Health alerts have been issued to schools in London due to the ongoing presence of moderate levels of ozone across the capital.
In some parts of the country high levels of ozone (<180 µg/m3) have been monitored in short spells prompting automatic alerts via the government’s UK AIR monitoring service over the last week (see airqualitynews.com story).
In the capital, the London Air forecasting and monitoring service, which is run by King’s College London, has issued ‘Moderate’ pollution forecasts for both today and tomorrow, based on the weather conditions and presence of chemicals likely to produce ozone.
In its bulletin for Tuesday London Air noted that the presence of oxides of nitrogen, Volatile Organic Compounds (VOCs) and carbon monoxide in the air, alongside long hours of unbroken sunshine “is likely to contribute to ground level ozone formation resulting in ‘moderate’ pollution.â€?
KCL carries out the role of ‘duty forecaster’ on behalf of the Mayor of London, targeting messaging when pollution levels are thought likely to be harmful to vulnerable members of the population include schoolchildren and the elderly (see airqualitynews.com story).
Speaking at the annual London Air Quality Network annual conference this morning (3 July), Timothy Baker, principal air quality analyst at KCL, confirmed that alerts have been issued this week via the ‘stakeholder group’ established by City Hall.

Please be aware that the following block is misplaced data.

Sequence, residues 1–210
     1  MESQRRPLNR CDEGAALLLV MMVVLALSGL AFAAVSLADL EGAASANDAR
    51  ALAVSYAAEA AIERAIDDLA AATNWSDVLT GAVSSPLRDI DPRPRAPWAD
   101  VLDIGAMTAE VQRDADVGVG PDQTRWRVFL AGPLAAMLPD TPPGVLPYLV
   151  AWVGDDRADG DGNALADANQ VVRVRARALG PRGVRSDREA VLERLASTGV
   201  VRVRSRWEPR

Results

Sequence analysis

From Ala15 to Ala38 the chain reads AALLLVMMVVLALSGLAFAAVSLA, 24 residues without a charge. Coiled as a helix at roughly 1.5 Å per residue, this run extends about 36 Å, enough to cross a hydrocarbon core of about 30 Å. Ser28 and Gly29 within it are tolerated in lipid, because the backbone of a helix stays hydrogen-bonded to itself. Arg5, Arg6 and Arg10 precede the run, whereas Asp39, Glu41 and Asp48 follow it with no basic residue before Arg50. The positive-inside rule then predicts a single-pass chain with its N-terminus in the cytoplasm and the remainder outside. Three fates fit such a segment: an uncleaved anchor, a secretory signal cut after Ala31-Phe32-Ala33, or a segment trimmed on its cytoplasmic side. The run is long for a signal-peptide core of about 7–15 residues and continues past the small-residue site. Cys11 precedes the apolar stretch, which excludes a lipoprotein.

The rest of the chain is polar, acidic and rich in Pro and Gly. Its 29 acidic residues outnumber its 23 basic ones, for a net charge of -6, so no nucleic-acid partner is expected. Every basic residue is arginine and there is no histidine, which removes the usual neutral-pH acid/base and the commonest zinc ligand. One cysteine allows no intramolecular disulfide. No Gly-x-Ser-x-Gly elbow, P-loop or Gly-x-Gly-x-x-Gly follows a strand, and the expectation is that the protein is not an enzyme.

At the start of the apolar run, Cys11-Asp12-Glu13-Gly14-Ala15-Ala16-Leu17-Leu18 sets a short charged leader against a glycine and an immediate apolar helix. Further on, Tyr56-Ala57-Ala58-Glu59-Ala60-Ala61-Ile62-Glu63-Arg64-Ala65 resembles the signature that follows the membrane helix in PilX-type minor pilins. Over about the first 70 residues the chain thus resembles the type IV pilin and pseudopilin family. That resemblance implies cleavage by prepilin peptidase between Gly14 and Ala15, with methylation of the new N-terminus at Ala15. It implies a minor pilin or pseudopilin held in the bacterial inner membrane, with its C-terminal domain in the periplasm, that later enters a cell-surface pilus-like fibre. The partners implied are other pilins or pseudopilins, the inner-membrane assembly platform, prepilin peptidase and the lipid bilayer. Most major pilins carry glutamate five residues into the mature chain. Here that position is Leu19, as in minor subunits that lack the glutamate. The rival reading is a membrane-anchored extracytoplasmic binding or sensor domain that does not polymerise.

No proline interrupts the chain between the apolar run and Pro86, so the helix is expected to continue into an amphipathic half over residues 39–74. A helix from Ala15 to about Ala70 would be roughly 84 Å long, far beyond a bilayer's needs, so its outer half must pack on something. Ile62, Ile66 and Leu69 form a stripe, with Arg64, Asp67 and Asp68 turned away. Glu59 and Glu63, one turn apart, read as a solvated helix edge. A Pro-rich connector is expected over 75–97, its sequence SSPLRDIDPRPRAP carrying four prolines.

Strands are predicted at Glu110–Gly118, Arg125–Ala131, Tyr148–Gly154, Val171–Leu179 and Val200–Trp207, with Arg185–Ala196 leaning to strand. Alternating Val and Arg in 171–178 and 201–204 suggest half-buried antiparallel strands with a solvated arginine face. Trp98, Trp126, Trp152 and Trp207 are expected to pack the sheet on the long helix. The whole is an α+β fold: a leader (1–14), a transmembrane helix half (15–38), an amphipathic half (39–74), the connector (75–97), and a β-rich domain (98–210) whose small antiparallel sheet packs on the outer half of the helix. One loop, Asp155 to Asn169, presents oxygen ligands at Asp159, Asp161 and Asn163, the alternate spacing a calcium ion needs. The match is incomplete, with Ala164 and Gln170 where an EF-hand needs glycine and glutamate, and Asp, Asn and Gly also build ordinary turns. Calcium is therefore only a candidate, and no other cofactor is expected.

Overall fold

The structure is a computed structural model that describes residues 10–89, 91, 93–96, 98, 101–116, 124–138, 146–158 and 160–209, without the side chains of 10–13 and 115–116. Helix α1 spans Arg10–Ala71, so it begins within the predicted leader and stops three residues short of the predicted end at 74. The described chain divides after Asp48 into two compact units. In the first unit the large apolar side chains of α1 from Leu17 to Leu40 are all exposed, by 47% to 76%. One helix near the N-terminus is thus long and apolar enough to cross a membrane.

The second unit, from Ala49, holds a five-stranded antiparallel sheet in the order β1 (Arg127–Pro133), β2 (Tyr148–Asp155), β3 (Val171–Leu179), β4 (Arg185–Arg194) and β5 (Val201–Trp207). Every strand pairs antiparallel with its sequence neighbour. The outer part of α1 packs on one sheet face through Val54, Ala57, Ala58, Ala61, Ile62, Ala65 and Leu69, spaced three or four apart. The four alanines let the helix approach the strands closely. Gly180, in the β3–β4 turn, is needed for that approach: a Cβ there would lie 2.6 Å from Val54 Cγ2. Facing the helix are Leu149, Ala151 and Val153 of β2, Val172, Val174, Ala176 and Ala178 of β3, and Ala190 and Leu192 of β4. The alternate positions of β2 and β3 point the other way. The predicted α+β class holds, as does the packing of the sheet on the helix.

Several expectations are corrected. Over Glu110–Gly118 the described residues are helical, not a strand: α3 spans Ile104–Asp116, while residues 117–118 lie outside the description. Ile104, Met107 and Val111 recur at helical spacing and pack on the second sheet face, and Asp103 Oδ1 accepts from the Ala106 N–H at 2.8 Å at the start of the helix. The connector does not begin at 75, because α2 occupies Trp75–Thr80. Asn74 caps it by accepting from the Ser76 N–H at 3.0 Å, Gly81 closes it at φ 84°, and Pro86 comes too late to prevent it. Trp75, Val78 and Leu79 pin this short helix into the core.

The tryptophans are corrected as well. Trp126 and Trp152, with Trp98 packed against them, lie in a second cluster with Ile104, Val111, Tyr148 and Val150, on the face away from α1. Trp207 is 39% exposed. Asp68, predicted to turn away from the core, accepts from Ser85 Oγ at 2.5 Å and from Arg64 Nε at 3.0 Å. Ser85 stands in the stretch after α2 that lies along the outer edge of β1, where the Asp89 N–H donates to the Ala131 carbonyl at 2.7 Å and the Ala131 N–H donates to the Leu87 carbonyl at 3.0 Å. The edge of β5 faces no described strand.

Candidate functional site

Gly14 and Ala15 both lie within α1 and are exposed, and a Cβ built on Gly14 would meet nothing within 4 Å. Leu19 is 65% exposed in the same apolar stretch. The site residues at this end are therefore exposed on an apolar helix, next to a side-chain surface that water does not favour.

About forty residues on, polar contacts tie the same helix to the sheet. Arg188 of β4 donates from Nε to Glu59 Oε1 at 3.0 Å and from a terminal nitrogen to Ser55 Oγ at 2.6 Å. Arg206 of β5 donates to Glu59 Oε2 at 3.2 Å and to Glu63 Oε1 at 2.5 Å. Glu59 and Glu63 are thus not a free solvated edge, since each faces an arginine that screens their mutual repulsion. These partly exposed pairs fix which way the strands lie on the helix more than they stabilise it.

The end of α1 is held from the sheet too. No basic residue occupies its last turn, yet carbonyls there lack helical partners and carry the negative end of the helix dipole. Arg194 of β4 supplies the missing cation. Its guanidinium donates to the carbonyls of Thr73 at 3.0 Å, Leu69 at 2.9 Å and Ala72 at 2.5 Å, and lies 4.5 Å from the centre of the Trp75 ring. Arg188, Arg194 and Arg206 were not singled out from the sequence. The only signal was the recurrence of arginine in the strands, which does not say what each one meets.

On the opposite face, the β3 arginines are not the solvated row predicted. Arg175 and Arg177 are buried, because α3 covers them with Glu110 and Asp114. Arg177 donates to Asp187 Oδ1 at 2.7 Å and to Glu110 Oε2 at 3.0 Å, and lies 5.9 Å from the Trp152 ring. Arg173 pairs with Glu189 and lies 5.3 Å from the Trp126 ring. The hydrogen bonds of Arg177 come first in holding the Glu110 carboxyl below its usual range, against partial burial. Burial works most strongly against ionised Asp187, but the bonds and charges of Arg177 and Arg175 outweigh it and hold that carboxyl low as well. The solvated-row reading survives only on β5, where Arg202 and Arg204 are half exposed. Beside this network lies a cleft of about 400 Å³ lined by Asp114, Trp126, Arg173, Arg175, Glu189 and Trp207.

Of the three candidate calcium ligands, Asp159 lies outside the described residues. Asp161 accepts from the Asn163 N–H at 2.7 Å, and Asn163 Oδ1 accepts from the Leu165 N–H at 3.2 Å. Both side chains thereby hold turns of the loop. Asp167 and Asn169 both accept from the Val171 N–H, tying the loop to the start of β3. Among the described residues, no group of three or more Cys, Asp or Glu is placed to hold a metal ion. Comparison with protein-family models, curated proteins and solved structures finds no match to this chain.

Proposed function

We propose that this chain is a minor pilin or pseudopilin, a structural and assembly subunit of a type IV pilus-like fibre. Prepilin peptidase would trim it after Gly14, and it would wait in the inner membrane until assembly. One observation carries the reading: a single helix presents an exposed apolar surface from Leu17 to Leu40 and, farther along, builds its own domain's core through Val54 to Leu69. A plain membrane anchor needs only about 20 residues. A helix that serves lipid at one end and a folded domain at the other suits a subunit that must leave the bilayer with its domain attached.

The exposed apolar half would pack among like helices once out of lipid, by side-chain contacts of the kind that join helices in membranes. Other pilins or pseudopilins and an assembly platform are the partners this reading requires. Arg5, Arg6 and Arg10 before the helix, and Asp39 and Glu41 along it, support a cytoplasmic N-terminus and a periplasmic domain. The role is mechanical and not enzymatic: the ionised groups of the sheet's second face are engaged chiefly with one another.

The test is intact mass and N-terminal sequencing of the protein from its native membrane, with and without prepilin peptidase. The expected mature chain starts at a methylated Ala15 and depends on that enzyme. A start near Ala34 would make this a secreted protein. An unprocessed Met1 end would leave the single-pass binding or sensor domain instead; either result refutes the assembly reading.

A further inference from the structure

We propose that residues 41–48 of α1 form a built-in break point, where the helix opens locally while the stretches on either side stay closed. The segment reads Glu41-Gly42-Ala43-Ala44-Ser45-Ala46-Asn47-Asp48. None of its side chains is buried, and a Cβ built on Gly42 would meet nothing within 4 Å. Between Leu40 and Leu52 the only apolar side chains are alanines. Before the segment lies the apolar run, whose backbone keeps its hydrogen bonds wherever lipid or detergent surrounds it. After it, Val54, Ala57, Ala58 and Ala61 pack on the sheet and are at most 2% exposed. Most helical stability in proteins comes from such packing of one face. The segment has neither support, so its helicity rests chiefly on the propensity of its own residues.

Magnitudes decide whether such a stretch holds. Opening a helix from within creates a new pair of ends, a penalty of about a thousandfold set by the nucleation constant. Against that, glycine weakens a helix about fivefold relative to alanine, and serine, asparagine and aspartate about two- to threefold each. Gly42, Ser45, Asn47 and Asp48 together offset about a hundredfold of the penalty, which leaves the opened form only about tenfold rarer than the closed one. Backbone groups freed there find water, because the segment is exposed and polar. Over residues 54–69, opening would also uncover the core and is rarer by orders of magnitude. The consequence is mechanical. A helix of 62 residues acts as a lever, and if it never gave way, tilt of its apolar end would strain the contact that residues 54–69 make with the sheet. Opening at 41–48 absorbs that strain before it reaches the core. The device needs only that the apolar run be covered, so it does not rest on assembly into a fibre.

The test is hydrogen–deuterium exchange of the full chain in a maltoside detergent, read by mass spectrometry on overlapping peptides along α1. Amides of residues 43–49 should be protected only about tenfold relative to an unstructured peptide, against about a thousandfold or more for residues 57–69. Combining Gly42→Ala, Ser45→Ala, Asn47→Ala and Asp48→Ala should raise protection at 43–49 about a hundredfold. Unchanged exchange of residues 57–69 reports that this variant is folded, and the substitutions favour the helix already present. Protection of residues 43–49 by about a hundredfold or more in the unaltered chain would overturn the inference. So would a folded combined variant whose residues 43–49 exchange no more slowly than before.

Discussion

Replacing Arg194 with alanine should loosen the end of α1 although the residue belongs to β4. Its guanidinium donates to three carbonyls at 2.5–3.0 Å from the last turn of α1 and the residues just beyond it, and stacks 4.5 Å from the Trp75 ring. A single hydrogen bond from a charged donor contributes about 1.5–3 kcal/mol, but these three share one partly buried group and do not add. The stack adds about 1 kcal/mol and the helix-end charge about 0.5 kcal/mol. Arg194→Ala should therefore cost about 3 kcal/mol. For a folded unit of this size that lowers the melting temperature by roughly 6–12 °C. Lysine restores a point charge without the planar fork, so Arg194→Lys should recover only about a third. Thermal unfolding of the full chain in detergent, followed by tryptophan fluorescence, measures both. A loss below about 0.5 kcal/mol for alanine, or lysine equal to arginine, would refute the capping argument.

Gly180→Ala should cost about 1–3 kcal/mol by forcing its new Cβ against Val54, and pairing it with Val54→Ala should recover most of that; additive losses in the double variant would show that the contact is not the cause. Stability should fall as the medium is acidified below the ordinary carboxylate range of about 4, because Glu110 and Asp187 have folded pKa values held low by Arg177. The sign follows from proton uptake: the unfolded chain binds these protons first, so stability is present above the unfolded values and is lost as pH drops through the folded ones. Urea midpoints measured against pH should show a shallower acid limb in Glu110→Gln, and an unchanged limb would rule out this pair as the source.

He said: “GLA [the Greater London Authority] has asked us to do forecasting, so alerts have been going out to all schools and to contacts who should be disseminating it onto hospitals, care homes and things like that. That is about 4,000 recipients of those forecasts. So each day during this episode there has been an alert from the GLA.â€?
Commenting on the conditions that have led to ozone levels spiking over the past week, he said: “As we have been reducing the other pollutants which actually scavenge ozone and reduce ozone within London the actual levels of ozone are increasing. What we are seeing now is; where we used to get this sort of episode from July to August, what we have been seeing is that they tend to start earlier.
“They are not unusual, they have been happening for decades, but it is just that they are becoming more visible because they are pushing the limits on the daily air quality index.“
So far during the current pollution episode, air quality alerts have been triggered automatically via the UK Air service due to the monitoring of ozone concentrated above the 180 µg/m3 threshold. Under EU law, member states are required to inform the public if this threshold is breached over a 1-hour period at any of its monitoring sites.
However, ozone levels are only considered to be ‘high’ on the national Daily Air Quality Index if monitored at an average level of between 161-187 µg/m3 over an eight hour period, at which point more severe public health warnings are to be expected. This has yet to happen at any of the UK’s monitoring sites over the last week.
Commenting on the health advice to the public issued during similar pollution episodes, Dr Karen Exley, of Public Health England, said: “While most people will not be affected by short term peaks in ambient air pollution, some individuals, such as those with existing heart or lung conditions, may experience increased symptoms.
“On occasions where levels are high, adults and children with lung problems, and adults with heart problems, should reduce strenuous physical exertion, particularly outdoors, and particularly if they experience symptoms. People with asthma may find they need to use their reliever inhaler more often. Older people should also reduce physical exertion. Anyone experiencing discomfort such as sore eyes, cough or sore throat should consider reducing activity, particularly outdoors.â€?